In case the eBPF/cBPF JIT compiler has been enabled, it can also be instructed to emit a debug output of the resulting opcode image into the kernel log, which can be read via dmesg(1) :

echo 2 > /proc/sys/net/core/bpf_jit_enable

The Linux kernel source tree ships additionally under tools/net/ a small helper called bpf_jit_disasm that reads out the opcode image dump from the kernel log and dumps the resulting disassembly:

bpf_jit_disasm -o

Other than that, the Linux kernel also contains an extensive eBPF/cBPF test suite module called test_bpf . Upon ...

modprobe test_bpf

... it performs a diversity of test cases and dumps the results into the kernel log that can be inspected with dmesg(1) . The results can differ depending on whether the JIT compiler is enabled or not. In case of failed test cases, the module will fail to load. In such cases, we urge you to file a bug report to the related JIT authors, Linux kernel and networking mailing lists.

cBPF

Although we generally recommend switching to implementing eBPF classifier and actions, for the sake of completeness, a few words on how to program in cBPF will be lost here.

Likewise, the bpf_jit_enable switch can be enabled as mentioned already. Tooling such as bpf_jit_disasm is also independent whether eBPF or cBPF code is being loaded.

Unlike in eBPF, classifier and action are not implemented in restricted C, but rather in a minimal assembler-like language or with the help of other tooling.

The raw interface with tc takes opcodes directly. For example, the most minimal classifier matching on every packet resulting in the default classid of 1:1 looks like:

tc filter add dev em1 parent 1: bpf bytecode '1,6 0 0 4294967295,' flowid 1:1

The first decimal of the bytecode sequence denotes the number of subsequent 4-tuples of cBPF opcodes. As mentioned, such a 4-tuple consists of c t f k decimals, where c represents the cBPF opcode, t the jump true offset target, f the jump false offset target and k the immediate constant/literal. Here, this denotes an unconditional return from the program with immediate value of -1.

Thus, for egress classification, Willem de Bruijn implemented a minimal stand-alone helper tool under the GNU General Public License version 2 for iptables(8) BPF extension, which abuses the libpcap internal classic BPF compiler, his code derived here for usage with tc(8) :

#include <pcap.h>
#include <stdio.h>

int main(int argc, char **argv)
{
        struct bpf_program prog;
        struct bpf_insn *ins;
        int i, ret, dlt = DLT_RAW;

        if (argc < 2 || argc > 3)
                return 1;
        if (argc == 3) {
                dlt = pcap_datalink_name_to_val(argv[1]);
                if (dlt == -1)
                        return 1;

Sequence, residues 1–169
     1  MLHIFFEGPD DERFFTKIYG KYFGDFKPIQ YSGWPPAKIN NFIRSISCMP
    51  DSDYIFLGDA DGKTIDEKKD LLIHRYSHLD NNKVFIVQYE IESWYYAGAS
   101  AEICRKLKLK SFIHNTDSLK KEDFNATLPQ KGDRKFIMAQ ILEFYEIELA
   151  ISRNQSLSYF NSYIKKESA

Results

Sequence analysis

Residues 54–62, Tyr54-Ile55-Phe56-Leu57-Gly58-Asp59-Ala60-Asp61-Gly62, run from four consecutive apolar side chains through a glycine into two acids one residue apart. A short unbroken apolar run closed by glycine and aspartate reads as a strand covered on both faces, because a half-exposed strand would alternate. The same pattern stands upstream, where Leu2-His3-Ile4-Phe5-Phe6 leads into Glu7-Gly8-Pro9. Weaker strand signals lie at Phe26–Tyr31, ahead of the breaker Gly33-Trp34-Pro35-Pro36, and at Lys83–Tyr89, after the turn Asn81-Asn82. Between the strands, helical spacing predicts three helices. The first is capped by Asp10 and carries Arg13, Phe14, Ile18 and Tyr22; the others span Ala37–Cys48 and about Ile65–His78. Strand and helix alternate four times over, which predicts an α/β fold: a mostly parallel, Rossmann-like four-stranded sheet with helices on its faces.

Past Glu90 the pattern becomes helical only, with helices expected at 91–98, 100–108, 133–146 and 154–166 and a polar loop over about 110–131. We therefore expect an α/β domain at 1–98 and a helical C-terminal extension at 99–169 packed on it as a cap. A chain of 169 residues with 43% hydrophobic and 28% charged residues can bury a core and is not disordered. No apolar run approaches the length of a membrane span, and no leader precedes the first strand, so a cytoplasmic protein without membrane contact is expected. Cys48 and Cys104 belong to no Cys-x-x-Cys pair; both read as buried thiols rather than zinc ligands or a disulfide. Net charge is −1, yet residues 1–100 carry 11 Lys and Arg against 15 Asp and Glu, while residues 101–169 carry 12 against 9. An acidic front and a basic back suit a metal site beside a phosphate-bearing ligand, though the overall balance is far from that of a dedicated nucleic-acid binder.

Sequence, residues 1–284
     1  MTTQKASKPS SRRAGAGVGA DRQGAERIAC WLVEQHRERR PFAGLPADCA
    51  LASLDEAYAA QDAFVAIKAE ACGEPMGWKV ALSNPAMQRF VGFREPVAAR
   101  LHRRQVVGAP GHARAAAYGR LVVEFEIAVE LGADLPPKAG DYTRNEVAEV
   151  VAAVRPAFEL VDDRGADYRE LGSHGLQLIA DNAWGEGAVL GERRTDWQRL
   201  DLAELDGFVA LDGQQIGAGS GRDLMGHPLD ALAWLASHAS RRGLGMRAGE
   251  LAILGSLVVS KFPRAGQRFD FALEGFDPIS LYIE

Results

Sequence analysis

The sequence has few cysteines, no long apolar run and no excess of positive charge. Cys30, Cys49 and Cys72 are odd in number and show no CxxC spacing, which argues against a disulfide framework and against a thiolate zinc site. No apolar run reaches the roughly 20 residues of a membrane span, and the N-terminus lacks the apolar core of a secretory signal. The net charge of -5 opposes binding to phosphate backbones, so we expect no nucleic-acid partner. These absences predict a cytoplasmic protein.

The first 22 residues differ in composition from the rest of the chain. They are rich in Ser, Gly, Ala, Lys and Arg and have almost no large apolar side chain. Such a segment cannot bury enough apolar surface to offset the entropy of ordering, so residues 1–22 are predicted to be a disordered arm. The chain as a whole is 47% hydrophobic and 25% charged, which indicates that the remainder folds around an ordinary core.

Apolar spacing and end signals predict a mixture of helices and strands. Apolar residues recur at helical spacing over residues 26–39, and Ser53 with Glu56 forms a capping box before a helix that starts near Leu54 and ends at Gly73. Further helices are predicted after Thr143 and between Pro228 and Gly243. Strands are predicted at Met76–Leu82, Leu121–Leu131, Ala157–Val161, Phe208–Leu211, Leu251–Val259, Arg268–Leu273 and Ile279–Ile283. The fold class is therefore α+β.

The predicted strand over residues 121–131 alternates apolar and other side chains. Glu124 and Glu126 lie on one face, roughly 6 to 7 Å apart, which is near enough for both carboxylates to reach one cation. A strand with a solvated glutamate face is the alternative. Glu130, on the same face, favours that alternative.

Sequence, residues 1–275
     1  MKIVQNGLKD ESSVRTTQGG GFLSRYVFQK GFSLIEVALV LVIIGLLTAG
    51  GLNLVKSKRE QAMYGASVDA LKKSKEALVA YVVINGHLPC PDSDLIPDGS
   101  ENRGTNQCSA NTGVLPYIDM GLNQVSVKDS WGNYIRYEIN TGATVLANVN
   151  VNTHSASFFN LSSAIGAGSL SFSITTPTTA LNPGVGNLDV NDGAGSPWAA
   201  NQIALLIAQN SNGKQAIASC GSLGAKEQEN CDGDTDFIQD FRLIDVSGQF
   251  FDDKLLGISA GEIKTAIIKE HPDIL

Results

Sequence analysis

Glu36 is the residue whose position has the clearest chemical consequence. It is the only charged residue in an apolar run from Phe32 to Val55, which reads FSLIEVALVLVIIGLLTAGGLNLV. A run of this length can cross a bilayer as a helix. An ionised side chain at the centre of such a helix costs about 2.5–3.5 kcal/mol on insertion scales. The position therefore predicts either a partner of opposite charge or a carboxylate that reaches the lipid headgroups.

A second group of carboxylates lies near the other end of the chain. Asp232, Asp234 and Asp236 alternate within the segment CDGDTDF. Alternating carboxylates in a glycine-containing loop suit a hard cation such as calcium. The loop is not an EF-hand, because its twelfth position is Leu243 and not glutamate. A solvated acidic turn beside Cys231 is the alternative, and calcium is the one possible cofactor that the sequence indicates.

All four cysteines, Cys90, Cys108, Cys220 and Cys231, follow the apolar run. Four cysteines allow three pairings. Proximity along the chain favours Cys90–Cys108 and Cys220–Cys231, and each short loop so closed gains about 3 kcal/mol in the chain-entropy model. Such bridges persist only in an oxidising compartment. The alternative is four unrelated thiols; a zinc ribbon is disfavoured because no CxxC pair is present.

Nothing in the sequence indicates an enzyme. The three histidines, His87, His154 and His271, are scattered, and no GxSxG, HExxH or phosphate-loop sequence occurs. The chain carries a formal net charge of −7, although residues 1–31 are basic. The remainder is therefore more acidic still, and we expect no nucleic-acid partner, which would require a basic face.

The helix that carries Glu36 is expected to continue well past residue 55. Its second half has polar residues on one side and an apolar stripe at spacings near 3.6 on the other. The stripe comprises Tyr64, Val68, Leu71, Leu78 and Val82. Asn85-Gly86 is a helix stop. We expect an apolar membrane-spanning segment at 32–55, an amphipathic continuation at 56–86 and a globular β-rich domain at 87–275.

}

        ret = pcap_compile_nopcap(-1, dlt, &prog, argv[argc - 1],
                                  1, PCAP_NETMASK_UNKNOWN);
        if (ret)
                return 1;

        printf("%d,", prog.bf_len);
        ins = prog.bf_insns;

        for (i = 0; i < prog.bf_len - 1; ++ins, ++i)
                printf("%u %u %u %u,", ins->code,
                       ins->jt, ins->jf, ins->k);
        printf("%u %u %u %u",
               ins->code, ins->jt, ins->jf, ins->k);

        pcap_freecode(&prog);
        return 0;
}

Given this small helper, any tcpdump(8) filter expression can be abused as a classifier where a match will result in the default classid:

bpftool EN10MB 'tcp[tcpflags] & tcp-syn != 0' > /var/bpf/tcp-syn
tc filter add dev em1 parent 1: bpf bytecode-file /var/bpf/tcp-syn flowid 1:1

Basically, such a minimal generator is equivalent to:

tcpdump -iem1 -ddd 'tcp[tcpflags] & tcp-syn != 0' | tr '\n' ',' > /var/bpf/tcp-syn

Since libpcap does not support all Linux' specific cBPF extensions in its compiler, the Linux kernel also ships under tools/net/ a minimal BPF assembler called bpf_asm for providing full control. For detailed syntax and semantics on implementing such programs by hand, see references under Further Reading .

Trivial toy example in bpf_asm for classifying IPv4/TCP packets, saved in a text file called foobar :

ldh [12]
jne #0x800, drop
ldb [23]
jneq #6, drop
ret #-1
drop: ret #0

Similarly, such a classifier can be loaded as:

bpf_asm foobar > /var/bpf/tcp-syn
tc filter add dev em1 parent 1: bpf bytecode-file /var/bpf/tcp-syn flowid 1:1

For BPF classifiers, the Linux kernel provides additionally under tools/net/ a small BPF debugger called bpf_dbg , which can be used to test a classifier against pcap files, single-step or add various breakpoints into the classifier program and dump register contents during runtime.

Implementing an action in classic BPF is rather limited in the sense that packet mangling is not supported. Therefore, it's generally recommended to make the switch to eBPF, whenever possible.

Further Reading

Further and more technical details about the BPF architecture can be found in the Linux kernel source tree under Documentation/networking/filter.txt .

Further details on eBPF tc(8) examples can be found in the iproute2 source tree under examples/bpf/ .

See Also

tc(8), tc-ematch(8) bpf(2) bpf(4)

Authors

Manpage written by Daniel Borkmann.

Please report corrections or improvements to the Linux kernel networking mailing list: <netdev@vger.kernel.org>

Referenced By

bpf(2), tc(8).

18 May 2015 iproute2 Linux